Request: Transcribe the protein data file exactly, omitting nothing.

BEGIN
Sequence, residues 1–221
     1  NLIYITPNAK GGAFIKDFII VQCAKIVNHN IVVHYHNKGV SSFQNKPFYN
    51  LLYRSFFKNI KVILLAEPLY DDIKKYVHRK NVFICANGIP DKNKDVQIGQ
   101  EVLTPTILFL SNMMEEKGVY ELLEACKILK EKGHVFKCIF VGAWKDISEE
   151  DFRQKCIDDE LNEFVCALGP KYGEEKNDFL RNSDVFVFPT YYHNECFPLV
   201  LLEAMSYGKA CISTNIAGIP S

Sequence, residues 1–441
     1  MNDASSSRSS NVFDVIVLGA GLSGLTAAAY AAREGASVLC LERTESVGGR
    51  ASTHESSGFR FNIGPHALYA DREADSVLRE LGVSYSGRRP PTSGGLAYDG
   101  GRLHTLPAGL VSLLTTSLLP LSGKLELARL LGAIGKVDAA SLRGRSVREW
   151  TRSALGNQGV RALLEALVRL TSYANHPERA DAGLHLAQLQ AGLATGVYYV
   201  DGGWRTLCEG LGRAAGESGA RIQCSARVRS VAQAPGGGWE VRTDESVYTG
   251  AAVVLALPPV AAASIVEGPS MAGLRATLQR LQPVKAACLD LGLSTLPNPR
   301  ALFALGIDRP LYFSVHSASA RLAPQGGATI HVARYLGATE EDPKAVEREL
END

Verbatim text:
Sequence, residues 1–221
     1  NLIYITPNAK GGAFIKDFII VQCAKIVNHN IVVHYHNKGV SSFQNKPFYN
    51  LLYRSFFKNI KVILLAEPLY DDIKKYVHRK NVFICANGIP DKNKDVQIGQ
   101  EVLTPTILFL SNMMEEKGVY ELLEACKILK EKGHVFKCIF VGAWKDISEE
   151  DFRQKCIDDE LNEFVCALGP KYGEEKNDFL RNSDVFVFPT YYHNECFPLV
   201  LLEAMSYGKA CISTNIAGIP S

Sequence, residues 1–441
     1  MNDASSSRSS NVFDVIVLGA GLSGLTAAAY AAREGASVLC LERTESVGGR
    51  ASTHESSGFR FNIGPHALYA DREADSVLRE LGVSYSGRRP PTSGGLAYDG
   101  GRLHTLPAGL VSLLTTSLLP LSGKLELARL LGAIGKVDAA SLRGRSVREW
   151  TRSALGNQGV RALLEALVRL TSYANHPERA DAGLHLAQLQ AGLATGVYYV
   201  DGGWRTLCEG LGRAAGESGA RIQCSARVRS VAQAPGGGWE VRTDESVYTG
   251  AAVVLALPPV AAASIVEGPS MAGLRATLQR LQPVKAACLD LGLSTLPNPR
   301  ALFALGIDRP LYFSVHSASA RLAPQGGATI HVARYLGATE EDPKAVEREL